The number one thing that stops people from learning how to make a yule log cake? Fear of rolling. Turns out, the fear of a cracked or otherwise “messed up” cake keeps many people from adding bûche de Noël cakes to their baking and cake decorating repertoire.
But it’s time to take a deep breath, move past those fears, and roll with it. Because as you’ll find in this tutorial, while there are some time-sensitive steps, as long as you follow the instructions, it’s really not that difficult to roll the cake from a sheet into a roulade.
To ensure perfect results, learn the rules behind baking with the Craftsy class The Wilton Method: Baking Basics. Many of the techniques taught in this course, such as proper mixing and measuring techniques, will help your roll cake turn out with a perfect texture and flavor.
We’ll start out with the recipe for a chocolate roll cake, and then will continue with some optional additions to make it into a bûche de Noël. Let’s get rolling!
Greasing your pan
Greasing the pan very generously is key in this recipe. You’ll notice that it calls for greasing the pan, lining it with parchment paper, then greasing the parchment paper. It’s really not excessive — you’ll be flipping the entire cake after baking it, so you want to ensure it comes out of the pan easily.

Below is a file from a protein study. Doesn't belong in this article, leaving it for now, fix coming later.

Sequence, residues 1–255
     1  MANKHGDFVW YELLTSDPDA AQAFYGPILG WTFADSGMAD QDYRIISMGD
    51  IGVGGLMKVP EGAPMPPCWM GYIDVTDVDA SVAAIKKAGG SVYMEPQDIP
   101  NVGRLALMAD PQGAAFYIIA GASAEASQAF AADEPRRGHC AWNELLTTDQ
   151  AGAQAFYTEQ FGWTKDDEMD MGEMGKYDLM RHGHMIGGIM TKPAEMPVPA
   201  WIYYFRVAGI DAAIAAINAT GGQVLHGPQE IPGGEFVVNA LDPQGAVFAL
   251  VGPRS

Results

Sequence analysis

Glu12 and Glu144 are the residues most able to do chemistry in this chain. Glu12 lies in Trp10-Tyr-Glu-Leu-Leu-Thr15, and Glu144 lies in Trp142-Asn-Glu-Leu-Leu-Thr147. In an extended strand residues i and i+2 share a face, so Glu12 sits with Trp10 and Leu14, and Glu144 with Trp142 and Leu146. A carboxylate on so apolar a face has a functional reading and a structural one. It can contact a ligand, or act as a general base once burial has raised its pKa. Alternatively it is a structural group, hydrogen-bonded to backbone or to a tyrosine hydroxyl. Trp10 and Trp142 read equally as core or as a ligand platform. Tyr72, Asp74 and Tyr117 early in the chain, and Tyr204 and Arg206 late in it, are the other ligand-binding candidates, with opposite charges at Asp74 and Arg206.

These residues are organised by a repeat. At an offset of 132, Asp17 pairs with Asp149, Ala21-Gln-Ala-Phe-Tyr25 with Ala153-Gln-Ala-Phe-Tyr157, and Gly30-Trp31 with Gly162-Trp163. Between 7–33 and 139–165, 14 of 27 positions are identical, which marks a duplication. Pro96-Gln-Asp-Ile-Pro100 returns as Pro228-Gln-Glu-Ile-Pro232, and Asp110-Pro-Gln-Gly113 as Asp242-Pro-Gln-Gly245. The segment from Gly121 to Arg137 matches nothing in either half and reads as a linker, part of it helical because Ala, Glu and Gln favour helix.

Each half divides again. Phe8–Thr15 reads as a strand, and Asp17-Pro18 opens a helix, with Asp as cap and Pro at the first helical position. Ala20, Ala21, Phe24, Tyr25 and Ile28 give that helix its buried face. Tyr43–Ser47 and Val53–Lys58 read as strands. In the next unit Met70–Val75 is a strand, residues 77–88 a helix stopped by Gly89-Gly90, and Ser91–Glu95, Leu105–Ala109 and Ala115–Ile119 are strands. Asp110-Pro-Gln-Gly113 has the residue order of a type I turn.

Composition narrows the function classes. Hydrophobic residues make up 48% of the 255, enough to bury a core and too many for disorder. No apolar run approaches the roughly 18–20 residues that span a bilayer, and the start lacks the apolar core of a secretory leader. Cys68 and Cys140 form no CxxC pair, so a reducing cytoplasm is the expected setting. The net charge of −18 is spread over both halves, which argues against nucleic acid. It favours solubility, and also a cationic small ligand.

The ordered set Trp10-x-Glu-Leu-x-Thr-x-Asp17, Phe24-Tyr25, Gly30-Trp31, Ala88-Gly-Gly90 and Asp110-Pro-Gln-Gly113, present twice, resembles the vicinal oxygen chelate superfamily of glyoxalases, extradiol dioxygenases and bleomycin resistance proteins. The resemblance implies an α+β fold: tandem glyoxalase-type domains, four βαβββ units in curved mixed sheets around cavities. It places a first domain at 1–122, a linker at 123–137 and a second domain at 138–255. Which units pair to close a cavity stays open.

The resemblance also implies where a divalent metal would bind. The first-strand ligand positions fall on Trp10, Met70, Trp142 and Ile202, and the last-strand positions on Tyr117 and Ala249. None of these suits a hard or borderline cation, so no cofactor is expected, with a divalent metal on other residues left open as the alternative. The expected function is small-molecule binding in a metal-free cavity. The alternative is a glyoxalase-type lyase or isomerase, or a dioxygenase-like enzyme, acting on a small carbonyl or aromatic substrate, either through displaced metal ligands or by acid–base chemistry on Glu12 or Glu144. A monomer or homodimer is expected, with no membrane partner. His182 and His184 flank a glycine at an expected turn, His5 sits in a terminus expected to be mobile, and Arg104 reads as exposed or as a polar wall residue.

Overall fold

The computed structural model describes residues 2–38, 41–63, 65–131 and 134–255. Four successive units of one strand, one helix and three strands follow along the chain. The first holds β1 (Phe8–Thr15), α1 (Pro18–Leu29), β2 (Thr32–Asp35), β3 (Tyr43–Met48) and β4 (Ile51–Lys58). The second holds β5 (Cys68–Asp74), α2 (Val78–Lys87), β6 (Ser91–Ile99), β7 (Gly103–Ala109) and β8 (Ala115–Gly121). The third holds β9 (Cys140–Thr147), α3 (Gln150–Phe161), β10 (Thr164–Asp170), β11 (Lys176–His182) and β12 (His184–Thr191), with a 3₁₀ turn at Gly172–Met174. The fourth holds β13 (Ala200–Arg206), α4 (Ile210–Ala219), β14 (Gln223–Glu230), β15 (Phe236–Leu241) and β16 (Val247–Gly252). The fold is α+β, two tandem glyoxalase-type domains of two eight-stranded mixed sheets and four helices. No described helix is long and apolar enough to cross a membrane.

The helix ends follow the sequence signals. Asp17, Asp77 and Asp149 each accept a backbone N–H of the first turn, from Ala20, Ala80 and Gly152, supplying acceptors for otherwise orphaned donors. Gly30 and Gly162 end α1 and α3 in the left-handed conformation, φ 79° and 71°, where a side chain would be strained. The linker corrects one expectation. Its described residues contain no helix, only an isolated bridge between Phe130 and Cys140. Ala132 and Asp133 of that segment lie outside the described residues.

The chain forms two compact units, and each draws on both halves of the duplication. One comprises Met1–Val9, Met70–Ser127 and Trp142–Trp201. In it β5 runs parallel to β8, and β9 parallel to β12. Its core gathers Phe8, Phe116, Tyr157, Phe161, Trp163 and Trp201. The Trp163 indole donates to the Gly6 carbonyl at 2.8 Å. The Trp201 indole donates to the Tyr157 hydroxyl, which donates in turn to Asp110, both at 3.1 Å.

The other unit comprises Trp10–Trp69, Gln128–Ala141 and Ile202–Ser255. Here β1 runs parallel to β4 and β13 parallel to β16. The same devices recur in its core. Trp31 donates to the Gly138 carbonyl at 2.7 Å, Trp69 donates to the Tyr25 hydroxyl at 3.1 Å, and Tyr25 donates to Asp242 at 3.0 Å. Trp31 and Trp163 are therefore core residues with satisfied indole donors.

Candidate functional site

Rolling the cake
You will roll the cake twice: once in a kitchen towel, lined with cocoa, right after baking. This will “stretch” the cake while it is still quite elastic, keeping it from cracking later on. Be sure to use a towel that is slightly larger than your cake pan.
Filling the cake
Don’t like whipped cream? Not a huge problem. It’s easy to fill this cake with whatever you’d like: feel free to substitute chocolate buttercream, or even pudding or custard.
Why do you keep saying “roulade”?
“Roulade” is the French word for “roll,” and that’s the type of cake you use for a yule log. Doesn’t “roulade” sound far fancier than “roll cake”?
How to make a Chocolate Roulade Yule Log Cake (with instructions to make it into a Bûche de Noël)
Serves 8 to 10
For the cake:
- 1/2 cup all-purpose flour
- 1/4 cup unsweetened baking cocoa
- 1/2 teaspoon salt
- 5 eggs, separated
- 1 cup granulated sugar, divided
- 2 tablespoons vegetable oil
- 1 teaspoon vanilla
For the filling:
- 1 cup whipping cream
- 2 tablespoons granulated sugar
- 2 tablespoons vanilla extract
For the topping:
- 8 oz semisweet baking chocolate, chopped
- 2/3 cups whipping cream
- White decorating icing or buttercream for detailing (optional; Swiss Meringue Buttercream works well)
Preheat oven to 375 degrees F. Prepare a jelly roll pan (15x10x1-inch) by generously greasing the bottom. Then, line it with parchment paper; grease the parchment paper or spray with nonstick spray.
In a medium bowl, sift together the flour, cocoa powder and salt. Set to the side.
In large bowl, whisk together the egg yolks and 1/2 cup of the sugar vigorously, until the mixture is thick and has lightened to a lemony color. Add in the vegetable oil and vanilla, whisking until incorporated. On low speed, beat in the oil and vanilla.